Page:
Another doctor who delivered the newborn was off duty and rushed to the hospital as soon as she heard the blast, Kroshena said. The doctor knew that the only patients in the hospital that night were the mother and her baby boy, Kroshena said, and she knew exactly where they were. The mother, who is in her mid-thirties, was not injured. The boy was her fourth baby, Kroshena said. “It’s unthinkable,” she said.
On Wednesday afternoon, rescue workers dug through the remains of the maternity ward with excavators. Some rooms were left partially standing, with pieces of the ceiling collapsed onto hospital beds and a baby cot. Windows of the neighboring building were blown out and shattered by the blast.
The missile was a Russian-made S-300, local officials said.
The attack in Vilnyansk, about 20 miles northeast of the regional capital city of Zaporizhzhia, came less than a week after another rocket hit a residential building in the same city, killing 11 people. Zaporizhzhia is one of four Ukrainian regions that Putin claims have been annexed by Russia – a violation of international law.
Despite Putin’s annexation claims, Russia has not occupied the city of Zaporizhia, nor has it withdrawn from Kherson, the only regional capital it had taken since the full-scale invasion began in February.
Two of those killed in the previous strike in Vilnjansk were also youths aged 10 and 15.
Following the Russian withdrawal from the city of Kherson, attention has shifted to the Zaporizhzhia region as the most likely site for a new Ukrainian counter-offensive, possibly moving south towards the occupied city of Melitopol and the critical Kakhovka hydroelectric power station and dam in the Kherson region.
Russian bombs hit the suburb of Kherson in the shadow of a destroyed bridge
Wednesday’s vote by the European Parliament, the legislature of the 27-member European Union, reflected the lingering anger in Brussels and across Europe over the Russian invasion and the outbreak of full-scale war on the European continent for the first time in history. 21st century.
Konstantin Kosachev, the chairman of the foreign affairs committee in the Federation Council, the upper chamber of Russia’s parliament, said the European Parliament’s resolution on Wednesday violated international law and that a state cannot be labeled a terrorist.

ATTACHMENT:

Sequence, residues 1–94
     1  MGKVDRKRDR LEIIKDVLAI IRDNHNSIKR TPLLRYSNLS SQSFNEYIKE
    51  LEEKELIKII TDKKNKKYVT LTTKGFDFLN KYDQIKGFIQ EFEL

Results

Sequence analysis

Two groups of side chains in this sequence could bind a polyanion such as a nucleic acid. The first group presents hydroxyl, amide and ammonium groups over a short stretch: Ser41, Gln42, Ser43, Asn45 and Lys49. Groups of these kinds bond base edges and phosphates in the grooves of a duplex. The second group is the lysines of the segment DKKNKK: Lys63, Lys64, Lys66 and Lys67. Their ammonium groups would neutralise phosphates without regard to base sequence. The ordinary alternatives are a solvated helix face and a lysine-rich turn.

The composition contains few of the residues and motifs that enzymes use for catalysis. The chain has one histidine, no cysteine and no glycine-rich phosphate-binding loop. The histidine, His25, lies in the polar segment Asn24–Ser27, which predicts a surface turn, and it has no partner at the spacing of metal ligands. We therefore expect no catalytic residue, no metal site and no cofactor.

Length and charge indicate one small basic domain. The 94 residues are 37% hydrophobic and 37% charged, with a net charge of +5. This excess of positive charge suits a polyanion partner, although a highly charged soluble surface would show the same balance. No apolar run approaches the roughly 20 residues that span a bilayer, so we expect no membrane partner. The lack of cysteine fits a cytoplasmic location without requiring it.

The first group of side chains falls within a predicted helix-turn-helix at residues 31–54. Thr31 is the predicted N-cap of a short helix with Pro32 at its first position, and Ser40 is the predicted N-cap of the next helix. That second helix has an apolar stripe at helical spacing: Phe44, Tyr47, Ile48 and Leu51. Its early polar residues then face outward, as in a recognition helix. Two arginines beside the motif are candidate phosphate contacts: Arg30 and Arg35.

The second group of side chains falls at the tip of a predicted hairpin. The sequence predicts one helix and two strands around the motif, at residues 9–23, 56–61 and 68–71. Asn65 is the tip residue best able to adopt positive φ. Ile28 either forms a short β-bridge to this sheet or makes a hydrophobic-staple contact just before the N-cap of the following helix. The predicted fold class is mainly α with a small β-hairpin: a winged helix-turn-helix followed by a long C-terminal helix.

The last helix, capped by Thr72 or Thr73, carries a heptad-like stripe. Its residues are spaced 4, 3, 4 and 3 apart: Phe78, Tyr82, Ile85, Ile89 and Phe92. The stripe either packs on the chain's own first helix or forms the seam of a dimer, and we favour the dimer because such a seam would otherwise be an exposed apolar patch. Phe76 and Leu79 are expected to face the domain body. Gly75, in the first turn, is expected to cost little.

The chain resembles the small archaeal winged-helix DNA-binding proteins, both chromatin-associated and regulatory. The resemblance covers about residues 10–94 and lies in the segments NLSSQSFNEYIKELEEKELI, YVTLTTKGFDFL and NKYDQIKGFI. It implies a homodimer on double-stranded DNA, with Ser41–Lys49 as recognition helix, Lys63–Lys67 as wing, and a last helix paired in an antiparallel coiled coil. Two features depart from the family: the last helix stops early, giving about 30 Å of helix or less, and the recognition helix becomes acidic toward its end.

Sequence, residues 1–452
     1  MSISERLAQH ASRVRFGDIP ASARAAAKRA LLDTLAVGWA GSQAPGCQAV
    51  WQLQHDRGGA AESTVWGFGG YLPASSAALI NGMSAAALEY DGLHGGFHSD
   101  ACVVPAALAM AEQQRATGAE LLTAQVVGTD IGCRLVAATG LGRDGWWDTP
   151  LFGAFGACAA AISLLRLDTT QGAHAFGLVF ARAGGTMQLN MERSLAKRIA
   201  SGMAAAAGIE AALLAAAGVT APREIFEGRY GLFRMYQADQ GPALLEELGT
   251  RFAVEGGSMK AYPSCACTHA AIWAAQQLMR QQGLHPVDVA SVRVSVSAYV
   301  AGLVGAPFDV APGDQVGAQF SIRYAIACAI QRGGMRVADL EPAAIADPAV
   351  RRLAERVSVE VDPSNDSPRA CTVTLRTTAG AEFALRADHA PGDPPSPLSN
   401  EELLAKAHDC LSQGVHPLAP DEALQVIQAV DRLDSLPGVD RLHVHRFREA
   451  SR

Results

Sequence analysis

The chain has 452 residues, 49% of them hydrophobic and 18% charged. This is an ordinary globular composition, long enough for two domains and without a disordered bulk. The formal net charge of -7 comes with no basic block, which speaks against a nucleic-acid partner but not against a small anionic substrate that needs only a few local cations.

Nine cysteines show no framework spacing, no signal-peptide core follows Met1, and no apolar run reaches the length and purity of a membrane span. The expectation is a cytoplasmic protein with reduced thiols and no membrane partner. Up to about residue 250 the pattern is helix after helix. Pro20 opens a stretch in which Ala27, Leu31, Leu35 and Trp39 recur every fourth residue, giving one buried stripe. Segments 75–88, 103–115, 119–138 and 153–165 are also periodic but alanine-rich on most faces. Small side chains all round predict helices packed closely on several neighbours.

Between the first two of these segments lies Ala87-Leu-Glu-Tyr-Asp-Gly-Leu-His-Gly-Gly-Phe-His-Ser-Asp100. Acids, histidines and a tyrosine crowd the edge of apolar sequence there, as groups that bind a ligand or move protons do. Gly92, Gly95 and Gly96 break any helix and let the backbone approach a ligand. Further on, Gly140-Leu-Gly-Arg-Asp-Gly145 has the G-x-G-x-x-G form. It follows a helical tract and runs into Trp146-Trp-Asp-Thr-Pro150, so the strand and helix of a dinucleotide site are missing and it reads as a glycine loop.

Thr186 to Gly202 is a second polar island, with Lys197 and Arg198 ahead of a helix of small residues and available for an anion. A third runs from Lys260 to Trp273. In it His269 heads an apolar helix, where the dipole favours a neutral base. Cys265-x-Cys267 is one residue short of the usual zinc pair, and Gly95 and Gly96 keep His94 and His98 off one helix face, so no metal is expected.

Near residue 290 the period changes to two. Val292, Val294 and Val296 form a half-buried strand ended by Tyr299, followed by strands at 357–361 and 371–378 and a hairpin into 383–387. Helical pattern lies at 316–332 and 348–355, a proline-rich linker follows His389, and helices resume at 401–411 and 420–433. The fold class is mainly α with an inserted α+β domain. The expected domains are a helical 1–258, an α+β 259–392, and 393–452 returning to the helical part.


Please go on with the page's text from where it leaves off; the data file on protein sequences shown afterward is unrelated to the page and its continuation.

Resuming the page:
“Russia has always strongly opposed the concept of ‘state terrorism,'” Kosachev wrote in a statement posted to Telegram, adding: “The collective West is actively trying to introduce the principle of collective responsibility and simply wipe out all ‘offensive’ countries and regimes. because there is an alternative point of view and a different model of behavior.”
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In his response to the UN Security Council, Russian ambassador Vasily Nebenzya said Russia’s attacks were intended to “weaken the military capabilities of our opponents” and were carried out with “precision”. He charged that weapons supplied by the West were responsible for much of the damage to residential and other civilian areas and chastised the international community, saying it had not shown the same concern over what he described as Ukrainian war crimes.
The Pentagon said Wednesday it would expedite an additional $400 million in military aid for Ukraine, including additional air defenses to counter Russia’s “unrelenting and relentless” missile and drone attacks on the country’s civilian infrastructure.
The package contains an undetermined amount of ammunition for the two NASAMS surface-to-air systems supplied by Washington, plus 150 heavy machine guns equipped with thermal sights to help Ukrainian forces detect and shoot down unmanned aerial vehicles. More than 200 power generators will also be shipped from US stocks.
Schmidt reported from Vilnjansk. Francesca Ebel in London and Karen DeYoung in Washington contributed to this report.